A brake flush is not even mentioned in your Owner Manual as being required so that says something about the need for it. However, it doesn't hurt to have fresh fluid every 60,000 miles or when you replace the calipers.
    From afar, I think your problem is reduced brake effectiveness due to the rotors being too smooth and having a build-up of corrosion on the inner faces. I'm siding with the Dealer.

    As to "flushing" of anything, here's what a Chrysler bulletin dated March 30, 2007 says:
    Chrysler Group vehicle fluid systems do NOT require regular flushing. These systems include: engine oil, transmission oil, axle lube, brake fluid, power steering fluid, and
    refrigerant. The only exception to this requirement are published in the vehicle maintenance schedules, e.g. engine coolant.
    Exceptions to this recommendation include only those instances where a failure has occurred and/or the system has become compromised, contaminated or overheated beyond the normal operating range.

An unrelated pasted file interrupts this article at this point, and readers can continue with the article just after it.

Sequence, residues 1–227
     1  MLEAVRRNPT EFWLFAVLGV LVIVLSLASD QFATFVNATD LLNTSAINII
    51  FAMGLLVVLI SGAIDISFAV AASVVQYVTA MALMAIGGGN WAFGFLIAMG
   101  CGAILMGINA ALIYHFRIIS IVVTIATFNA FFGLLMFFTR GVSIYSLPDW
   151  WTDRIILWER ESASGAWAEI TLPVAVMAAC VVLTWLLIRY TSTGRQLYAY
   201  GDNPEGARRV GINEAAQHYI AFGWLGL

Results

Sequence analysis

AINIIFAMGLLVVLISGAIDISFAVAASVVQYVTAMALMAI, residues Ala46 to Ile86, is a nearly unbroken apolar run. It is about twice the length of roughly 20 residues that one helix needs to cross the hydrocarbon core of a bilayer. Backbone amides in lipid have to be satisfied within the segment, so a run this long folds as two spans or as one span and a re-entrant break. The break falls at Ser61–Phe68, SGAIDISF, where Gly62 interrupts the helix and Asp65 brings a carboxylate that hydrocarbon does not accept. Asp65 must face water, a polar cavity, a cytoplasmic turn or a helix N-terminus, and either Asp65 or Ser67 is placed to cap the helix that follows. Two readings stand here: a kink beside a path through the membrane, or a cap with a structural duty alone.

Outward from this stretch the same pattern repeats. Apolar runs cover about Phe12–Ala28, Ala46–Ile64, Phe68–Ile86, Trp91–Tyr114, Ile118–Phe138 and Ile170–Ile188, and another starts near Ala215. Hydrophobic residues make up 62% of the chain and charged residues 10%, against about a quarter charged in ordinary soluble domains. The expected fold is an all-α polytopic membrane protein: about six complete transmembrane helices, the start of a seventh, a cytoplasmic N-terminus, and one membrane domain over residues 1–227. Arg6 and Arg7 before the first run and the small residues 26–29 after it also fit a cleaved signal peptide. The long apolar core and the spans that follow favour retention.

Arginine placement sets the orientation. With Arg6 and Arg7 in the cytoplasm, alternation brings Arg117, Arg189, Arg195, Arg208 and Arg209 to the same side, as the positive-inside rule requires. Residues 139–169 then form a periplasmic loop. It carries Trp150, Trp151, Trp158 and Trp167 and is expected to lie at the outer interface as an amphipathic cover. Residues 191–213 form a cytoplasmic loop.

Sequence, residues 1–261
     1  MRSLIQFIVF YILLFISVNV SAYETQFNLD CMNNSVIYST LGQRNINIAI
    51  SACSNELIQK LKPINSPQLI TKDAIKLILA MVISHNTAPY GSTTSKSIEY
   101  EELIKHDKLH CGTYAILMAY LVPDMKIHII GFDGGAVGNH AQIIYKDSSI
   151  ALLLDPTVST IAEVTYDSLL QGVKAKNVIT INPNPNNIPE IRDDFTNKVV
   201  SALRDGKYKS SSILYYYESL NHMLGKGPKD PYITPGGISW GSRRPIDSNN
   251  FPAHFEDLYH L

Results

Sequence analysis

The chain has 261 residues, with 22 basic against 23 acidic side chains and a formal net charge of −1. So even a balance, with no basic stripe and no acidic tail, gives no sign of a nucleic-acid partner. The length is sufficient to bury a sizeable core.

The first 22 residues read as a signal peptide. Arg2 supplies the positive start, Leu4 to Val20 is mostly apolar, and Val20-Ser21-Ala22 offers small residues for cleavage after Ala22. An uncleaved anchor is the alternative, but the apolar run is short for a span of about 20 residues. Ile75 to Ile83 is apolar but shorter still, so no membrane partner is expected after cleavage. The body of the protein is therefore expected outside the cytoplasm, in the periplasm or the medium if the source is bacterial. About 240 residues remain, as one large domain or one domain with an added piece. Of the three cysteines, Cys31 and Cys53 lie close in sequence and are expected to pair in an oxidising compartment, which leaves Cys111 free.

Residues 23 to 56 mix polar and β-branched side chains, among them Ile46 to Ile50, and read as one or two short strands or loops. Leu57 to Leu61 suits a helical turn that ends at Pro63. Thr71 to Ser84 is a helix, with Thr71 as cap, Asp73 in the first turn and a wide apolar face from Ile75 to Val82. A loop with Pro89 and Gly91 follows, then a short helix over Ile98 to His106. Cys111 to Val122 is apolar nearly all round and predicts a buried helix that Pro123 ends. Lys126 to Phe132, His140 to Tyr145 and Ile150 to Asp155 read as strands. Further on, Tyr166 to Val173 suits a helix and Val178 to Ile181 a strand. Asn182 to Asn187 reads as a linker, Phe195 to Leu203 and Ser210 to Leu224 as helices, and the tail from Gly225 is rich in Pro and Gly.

PS: New rotors may not be much more expensive than freshly machined old rotors, likely $20.00 to $30.00 a piece.
    Last edited by Jeepman; 04-27-2011 at 12:53 PM.
    2007 GC SXT - Magnesium - S&G - 3.8L - 112,920 kms
    2002 GC Sport - Stone White - 3.3L - 311,200 kms
    2003 Jeep TJ Sport - 4.0L - 251,430 kms

  10. #9
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    Quote Originally Posted by Jeepman View Post
    Brake flush may not help nearly as much as freshly machined faces (more friction available) on your rotors. More friction between the pads and the rotors means shorter stopping distances, less pedal pressure required, hence less pedal travel. Have the pads replaced or atleast sanded at the same time. There could be, most likely is, a build-up of corrosion on the inside face of your rotors as well, which cuts down on the surface area availabe for effective pad contact when braking.
    A brake flush is not even mentioned in your Owner Manual as being required so that says something about the need for it. However, it doesn't hurt to have fresh fluid every 60,000 miles or when you replace the calipers.